Tony Poulos, the mayor, reports a hopeful but wait-and-see attitude for a proposal that has been hanging around for several years. “We want to see that it’s real before we invest time and money and whatever else,” he says.
Tall, thick and friendly, Poulos was wearing faded blue jeans and a gray, University of Wyoming football sweatshirt. He was a walk-on defensive lineman on the team in the mid-1970s, but decided that he couldn’t play football and get a degree, too. In the end, he did neither, instead returning to Hanna to run the family business, the Nugget. His family’s history in the town runs back a century. For hunters, fishermen and rock-hounds, Hanna is a wonderful place, he says. “I think the positives outweigh the negatives here.”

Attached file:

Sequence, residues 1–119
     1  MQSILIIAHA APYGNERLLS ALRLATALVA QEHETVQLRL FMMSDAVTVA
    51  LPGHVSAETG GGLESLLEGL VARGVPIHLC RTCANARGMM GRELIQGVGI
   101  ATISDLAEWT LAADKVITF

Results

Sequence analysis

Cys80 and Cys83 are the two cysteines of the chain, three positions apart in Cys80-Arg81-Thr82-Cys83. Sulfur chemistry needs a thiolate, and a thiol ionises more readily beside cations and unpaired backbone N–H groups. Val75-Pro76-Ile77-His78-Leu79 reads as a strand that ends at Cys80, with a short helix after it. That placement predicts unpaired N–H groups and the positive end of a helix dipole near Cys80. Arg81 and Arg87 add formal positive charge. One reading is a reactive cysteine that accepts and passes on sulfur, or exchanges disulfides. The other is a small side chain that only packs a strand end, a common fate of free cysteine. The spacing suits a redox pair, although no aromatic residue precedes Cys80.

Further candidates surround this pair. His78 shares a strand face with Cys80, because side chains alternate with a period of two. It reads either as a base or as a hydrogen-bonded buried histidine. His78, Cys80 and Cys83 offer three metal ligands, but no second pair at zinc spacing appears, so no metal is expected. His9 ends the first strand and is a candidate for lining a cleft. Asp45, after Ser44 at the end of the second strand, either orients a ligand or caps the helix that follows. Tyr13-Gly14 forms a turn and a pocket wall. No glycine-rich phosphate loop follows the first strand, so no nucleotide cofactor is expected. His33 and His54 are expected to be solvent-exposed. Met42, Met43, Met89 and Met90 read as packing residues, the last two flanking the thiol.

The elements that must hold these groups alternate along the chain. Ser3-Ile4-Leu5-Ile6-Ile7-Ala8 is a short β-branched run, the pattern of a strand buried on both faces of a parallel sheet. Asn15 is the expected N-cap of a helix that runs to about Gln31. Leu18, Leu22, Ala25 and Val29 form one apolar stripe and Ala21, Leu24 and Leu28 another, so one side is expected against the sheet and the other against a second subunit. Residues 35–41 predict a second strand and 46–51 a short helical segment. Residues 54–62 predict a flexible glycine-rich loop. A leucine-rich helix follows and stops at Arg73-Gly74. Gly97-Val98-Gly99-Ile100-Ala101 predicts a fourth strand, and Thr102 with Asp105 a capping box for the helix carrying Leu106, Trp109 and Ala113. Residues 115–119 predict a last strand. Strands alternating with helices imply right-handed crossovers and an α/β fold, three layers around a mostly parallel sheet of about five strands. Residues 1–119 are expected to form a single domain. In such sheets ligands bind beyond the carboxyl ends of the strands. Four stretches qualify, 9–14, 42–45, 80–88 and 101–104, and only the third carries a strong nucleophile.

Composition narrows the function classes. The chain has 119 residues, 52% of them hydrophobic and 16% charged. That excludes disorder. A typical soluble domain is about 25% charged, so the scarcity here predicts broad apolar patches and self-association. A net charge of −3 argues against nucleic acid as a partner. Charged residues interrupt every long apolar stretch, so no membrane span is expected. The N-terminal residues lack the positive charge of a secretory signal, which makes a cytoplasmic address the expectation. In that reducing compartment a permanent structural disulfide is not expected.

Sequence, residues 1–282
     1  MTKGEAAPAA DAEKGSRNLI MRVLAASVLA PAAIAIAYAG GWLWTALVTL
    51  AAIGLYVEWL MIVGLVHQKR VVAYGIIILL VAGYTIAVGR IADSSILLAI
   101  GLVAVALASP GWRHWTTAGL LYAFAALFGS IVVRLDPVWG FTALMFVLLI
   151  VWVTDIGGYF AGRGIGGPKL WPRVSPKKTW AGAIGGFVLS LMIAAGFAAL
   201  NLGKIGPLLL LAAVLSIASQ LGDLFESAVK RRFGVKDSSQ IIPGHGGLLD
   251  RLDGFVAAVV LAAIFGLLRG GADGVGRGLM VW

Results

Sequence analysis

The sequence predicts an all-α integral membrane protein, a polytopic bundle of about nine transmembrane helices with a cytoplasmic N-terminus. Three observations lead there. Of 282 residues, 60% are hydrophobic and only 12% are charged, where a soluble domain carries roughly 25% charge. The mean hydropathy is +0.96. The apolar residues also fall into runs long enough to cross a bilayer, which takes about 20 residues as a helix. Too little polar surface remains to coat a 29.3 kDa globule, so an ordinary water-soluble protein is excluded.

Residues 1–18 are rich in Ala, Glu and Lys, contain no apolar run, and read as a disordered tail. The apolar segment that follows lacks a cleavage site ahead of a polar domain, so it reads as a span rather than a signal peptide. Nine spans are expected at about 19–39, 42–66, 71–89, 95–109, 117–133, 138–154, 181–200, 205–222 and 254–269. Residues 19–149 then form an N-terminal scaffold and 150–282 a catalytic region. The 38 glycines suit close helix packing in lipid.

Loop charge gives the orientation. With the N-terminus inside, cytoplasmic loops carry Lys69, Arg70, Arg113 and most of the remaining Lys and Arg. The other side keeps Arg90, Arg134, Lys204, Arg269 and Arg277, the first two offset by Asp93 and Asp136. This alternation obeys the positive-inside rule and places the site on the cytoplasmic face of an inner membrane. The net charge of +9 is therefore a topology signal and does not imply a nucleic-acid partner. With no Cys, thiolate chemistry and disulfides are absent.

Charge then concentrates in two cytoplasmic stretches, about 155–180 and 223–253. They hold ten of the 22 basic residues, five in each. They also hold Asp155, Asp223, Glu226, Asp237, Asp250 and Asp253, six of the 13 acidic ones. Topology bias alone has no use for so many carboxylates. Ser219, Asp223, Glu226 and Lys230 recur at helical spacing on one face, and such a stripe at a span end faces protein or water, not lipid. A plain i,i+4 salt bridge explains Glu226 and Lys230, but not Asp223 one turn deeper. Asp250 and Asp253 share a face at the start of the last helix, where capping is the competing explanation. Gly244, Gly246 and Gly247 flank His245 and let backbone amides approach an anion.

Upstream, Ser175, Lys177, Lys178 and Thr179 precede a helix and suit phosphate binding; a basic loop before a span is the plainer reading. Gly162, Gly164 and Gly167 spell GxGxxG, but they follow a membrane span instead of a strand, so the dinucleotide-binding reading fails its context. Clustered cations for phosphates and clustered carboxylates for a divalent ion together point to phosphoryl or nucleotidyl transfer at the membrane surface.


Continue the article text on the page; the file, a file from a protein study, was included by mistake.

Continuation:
Hanna has a population of a little over 800, but Poulos claims the town has the water and other infrastructure to accommodate 4,000 people. “It will take some modification and updating, and some effort, but we are ahead of the game on those sorts of things,” he says. “We have room in the schools. Those were also built at the time of the boom.”
What Hanna hasn’t had much of since he became mayor, he reports, is contact with DKRW representatives. They stopped by once, he says, in November. “Most people would like to see something happen.”